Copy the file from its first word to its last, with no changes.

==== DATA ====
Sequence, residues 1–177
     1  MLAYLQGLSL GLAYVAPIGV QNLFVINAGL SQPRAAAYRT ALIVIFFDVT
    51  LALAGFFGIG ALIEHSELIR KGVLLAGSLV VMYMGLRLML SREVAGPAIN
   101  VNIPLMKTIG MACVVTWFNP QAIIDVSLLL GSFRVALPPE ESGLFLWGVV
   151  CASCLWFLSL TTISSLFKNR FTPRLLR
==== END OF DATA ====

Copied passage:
Sequence, residues 1–177
     1  MLAYLQGLSL GLAYVAPIGV QNLFVINAGL SQPRAAAYRT ALIVIFFDVT
    51  LALAGFFGIG ALIEHSELIR KGVLLAGSLV VMYMGLRLML SREVAGPAIN
   101  VNIPLMKTIG MACVVTWFNP QAIIDVSLLL GSFRVALPPE ESGLFLWGVV
   151  CASCLWFLSL TTISSLFKNR FTPRLLR